Olympic mudminnow

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Olympic mudminnow
Three Novumbra hubbsi.jpg
Scientific classification
Kingdom: Animalia
Phylum: Chordata
Class: Actinopterygii
Order: Esociformes
Family: Umbridae
Genus: Novumbra
L. P. Schultz, 1929
Species: N. hubbsi
Binomial name
Novumbra hubbsi
L. P. Schultz, 1929

The Olympic mudminnow (Novumbra hubbsi) is a fish native to the western lowlands of Washington: the Chehalis River basin, Deschutes River basin, and some Olympic Peninsula basins.[2] It grows to 8 cm (about 3 in) in length, and is Washington's only known endemic freshwater fish species. Although they strongly resemble killifish, mudminnows are more closely related to pike and muskellunge.

The Olympic mudminnow is the only species in genus Novumbra, and one of seven species worldwide in the family Umbridae. It resides in dark areas in the bottom of the river, living on fish larvae, eggs, and small invertebrates. It prefers areas with mudbeds and dense vegetation, and has a remarkable tolerance for low oxygen levels. The Olympic mudminnow is listed as a sensitive species by the state of Washington. Although many populations are found, the range is limited, and suitable habitat is easily lost to development.[3][4][5]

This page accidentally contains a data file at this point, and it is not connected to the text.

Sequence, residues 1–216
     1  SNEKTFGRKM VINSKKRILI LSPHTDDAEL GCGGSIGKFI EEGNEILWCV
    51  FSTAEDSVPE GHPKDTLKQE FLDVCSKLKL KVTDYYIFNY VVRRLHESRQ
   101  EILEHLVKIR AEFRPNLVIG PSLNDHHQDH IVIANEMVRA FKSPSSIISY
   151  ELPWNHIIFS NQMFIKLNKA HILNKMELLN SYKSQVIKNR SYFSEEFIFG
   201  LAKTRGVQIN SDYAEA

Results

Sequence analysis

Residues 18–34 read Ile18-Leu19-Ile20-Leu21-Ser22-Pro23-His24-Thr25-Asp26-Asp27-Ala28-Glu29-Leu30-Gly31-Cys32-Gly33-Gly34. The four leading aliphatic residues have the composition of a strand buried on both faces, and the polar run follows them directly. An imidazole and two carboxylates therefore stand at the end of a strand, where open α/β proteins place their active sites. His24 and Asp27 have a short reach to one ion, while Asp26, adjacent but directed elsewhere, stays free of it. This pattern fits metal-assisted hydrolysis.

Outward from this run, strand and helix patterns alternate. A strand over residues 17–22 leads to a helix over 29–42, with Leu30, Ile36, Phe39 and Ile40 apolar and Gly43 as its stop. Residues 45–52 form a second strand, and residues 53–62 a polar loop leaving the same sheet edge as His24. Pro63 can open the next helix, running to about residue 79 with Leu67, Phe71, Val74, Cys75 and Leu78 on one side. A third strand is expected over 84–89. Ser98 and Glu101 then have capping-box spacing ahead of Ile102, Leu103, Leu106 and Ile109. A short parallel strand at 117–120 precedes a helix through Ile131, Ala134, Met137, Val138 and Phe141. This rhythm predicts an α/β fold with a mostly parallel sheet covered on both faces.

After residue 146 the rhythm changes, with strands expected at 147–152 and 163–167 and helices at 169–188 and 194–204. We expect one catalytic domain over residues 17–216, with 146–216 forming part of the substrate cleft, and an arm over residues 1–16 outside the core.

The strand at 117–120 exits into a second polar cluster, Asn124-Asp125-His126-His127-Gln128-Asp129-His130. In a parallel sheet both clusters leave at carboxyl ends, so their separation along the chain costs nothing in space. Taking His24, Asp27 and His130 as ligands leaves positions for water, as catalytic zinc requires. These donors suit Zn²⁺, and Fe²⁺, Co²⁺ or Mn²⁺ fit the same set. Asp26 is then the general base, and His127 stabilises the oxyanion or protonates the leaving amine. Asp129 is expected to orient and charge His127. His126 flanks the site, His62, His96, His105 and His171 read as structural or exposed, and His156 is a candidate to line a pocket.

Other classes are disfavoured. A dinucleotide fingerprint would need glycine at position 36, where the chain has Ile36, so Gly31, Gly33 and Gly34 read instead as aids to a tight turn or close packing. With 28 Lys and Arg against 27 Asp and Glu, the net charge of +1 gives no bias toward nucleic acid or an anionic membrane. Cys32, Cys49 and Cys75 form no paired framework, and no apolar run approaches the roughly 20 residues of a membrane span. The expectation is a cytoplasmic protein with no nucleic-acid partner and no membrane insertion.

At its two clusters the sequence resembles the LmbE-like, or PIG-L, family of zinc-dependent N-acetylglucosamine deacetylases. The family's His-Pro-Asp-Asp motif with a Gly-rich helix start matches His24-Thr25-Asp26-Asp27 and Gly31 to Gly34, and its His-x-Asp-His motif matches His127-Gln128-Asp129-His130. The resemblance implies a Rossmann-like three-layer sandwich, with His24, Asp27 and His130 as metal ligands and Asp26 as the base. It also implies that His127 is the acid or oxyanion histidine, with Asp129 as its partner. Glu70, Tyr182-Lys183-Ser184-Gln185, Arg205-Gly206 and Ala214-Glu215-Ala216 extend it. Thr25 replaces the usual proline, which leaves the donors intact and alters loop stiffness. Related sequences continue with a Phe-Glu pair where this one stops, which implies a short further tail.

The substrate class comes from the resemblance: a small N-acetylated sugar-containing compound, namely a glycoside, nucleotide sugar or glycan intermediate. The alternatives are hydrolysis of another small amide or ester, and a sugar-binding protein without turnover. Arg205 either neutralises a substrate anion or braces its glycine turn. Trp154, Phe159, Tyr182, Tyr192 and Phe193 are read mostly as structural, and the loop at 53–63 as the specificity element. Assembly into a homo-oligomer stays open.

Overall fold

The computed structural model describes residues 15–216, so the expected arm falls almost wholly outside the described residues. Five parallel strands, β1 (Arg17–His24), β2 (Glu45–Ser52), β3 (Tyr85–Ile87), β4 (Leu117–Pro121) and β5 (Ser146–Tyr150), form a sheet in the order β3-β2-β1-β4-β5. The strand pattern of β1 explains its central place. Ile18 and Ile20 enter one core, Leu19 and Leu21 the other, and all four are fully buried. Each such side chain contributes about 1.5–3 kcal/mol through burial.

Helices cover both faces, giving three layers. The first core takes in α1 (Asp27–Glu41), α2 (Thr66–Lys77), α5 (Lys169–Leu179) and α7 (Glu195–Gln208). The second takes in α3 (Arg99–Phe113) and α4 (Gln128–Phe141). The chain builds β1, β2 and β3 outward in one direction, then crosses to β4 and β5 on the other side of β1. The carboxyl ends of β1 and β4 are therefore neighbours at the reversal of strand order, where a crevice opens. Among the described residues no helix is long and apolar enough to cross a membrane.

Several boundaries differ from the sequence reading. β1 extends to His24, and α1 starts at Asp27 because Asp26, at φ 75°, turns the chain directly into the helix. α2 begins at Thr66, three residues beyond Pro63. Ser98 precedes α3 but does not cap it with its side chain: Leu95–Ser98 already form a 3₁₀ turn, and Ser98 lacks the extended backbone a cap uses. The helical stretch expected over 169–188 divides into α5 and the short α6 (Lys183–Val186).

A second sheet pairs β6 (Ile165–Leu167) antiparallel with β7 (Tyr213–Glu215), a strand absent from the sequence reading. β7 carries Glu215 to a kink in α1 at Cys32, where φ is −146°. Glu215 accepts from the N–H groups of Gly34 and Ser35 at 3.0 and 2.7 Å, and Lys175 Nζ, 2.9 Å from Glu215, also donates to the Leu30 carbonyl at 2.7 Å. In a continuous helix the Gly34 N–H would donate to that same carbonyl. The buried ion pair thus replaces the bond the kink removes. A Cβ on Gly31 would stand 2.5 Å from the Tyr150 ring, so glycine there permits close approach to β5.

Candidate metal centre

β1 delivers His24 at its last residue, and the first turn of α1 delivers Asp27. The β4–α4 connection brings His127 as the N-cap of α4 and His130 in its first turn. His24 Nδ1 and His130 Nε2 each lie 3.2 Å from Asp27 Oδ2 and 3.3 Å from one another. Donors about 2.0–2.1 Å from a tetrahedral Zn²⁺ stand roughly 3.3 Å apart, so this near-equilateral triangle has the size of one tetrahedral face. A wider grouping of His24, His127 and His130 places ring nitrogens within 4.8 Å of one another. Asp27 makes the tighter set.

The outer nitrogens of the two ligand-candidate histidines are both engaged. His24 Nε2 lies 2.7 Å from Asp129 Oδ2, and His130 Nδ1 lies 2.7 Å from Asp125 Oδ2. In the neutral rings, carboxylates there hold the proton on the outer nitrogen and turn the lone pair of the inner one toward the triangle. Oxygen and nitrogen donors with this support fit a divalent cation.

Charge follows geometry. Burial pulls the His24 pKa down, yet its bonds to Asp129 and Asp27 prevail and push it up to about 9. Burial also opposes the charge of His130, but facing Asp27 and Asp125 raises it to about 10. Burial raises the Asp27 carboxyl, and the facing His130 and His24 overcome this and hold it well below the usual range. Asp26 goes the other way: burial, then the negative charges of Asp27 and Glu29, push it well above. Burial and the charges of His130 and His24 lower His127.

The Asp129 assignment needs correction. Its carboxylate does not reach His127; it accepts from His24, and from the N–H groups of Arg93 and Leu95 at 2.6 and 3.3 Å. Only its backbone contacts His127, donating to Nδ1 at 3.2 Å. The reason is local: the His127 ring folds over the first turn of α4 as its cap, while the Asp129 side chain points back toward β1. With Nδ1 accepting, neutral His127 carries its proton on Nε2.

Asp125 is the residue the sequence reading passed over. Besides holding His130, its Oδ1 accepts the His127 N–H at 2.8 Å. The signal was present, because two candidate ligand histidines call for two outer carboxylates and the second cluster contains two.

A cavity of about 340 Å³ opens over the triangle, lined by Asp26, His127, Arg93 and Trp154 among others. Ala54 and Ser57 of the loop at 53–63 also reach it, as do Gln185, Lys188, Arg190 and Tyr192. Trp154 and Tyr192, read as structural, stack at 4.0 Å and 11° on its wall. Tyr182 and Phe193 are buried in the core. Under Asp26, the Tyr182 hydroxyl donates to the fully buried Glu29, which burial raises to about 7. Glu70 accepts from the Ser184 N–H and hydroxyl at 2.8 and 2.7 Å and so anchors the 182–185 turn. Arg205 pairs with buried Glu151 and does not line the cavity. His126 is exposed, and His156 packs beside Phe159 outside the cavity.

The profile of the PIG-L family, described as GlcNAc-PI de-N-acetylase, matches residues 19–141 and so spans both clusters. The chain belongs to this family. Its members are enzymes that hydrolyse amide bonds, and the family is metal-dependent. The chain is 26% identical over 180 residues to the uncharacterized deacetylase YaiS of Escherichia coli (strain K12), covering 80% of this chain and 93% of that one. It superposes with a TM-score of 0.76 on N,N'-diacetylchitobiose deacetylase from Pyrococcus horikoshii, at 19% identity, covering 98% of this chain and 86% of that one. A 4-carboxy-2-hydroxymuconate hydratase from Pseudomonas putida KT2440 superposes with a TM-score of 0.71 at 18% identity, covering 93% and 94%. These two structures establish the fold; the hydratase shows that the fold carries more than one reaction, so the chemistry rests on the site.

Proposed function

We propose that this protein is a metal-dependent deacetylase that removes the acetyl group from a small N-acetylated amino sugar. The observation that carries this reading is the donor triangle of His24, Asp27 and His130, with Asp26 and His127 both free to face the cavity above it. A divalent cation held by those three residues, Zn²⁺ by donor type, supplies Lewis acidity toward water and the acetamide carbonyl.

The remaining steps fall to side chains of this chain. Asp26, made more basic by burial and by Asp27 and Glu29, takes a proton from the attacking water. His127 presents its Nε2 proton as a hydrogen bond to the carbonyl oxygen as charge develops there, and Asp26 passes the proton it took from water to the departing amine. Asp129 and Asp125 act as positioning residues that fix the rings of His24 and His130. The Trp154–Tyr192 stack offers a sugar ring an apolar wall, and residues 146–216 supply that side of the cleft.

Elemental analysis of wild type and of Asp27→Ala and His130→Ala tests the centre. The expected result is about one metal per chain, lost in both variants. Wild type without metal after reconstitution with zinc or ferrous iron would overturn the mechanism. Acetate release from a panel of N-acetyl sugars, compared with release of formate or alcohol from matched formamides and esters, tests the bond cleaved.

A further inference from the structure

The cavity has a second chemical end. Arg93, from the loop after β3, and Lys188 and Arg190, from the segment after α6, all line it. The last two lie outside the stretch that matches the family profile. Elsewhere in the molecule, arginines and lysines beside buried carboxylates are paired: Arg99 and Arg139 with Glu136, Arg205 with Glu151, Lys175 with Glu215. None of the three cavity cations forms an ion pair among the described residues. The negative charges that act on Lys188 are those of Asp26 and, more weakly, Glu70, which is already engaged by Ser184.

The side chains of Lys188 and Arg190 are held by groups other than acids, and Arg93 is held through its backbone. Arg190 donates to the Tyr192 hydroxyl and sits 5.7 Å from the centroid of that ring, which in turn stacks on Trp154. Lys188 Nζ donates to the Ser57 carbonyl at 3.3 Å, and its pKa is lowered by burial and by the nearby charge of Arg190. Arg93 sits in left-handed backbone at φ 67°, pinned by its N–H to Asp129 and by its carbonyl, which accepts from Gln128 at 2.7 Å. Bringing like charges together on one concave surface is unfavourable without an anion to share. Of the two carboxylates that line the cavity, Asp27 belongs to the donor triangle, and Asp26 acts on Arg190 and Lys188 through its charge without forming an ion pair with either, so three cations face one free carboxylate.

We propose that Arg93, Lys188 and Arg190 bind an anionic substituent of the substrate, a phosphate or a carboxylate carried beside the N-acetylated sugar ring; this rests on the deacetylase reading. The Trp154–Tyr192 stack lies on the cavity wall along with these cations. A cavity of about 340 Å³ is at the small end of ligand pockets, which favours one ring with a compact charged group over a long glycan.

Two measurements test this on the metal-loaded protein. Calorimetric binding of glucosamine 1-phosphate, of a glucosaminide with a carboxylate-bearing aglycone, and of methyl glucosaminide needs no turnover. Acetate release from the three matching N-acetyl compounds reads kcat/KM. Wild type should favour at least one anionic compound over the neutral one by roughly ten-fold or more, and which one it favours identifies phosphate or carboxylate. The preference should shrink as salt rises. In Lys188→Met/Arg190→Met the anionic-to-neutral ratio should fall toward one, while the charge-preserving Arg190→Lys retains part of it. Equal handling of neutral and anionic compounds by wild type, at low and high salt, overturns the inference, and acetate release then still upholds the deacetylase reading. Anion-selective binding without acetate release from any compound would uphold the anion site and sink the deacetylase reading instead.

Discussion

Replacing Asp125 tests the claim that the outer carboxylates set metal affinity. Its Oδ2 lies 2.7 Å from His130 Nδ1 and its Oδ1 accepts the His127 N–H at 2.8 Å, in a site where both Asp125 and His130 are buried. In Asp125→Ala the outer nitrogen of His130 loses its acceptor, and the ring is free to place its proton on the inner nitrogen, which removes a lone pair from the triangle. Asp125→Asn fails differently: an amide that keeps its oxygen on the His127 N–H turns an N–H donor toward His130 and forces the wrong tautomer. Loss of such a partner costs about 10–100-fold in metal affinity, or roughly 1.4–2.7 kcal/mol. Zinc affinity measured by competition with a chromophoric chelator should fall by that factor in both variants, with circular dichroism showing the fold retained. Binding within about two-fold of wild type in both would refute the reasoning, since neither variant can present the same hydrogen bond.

1. ^ NatureServe (2013). "Novumbra hubbsi". IUCN Red List of Threatened Species. Version 2014.3. International Union for Conservation of Nature. Retrieved 30 January 2015. 
  2. ^ Froese, Rainer and Pauly, Daniel, eds. (2012). "Novumbra hubbsi" in FishBase. February 2012 version.
  3. ^ WDFW site: sensitive species list
  4. ^ Mongillo, P., and M. Hallock. 1999.Washington state status report for the Olympic mudminnow. Washington Department of Fish and Wildlife, Olympia, WA.
  5. ^ Washington Department of Fish and Wildlife site: status report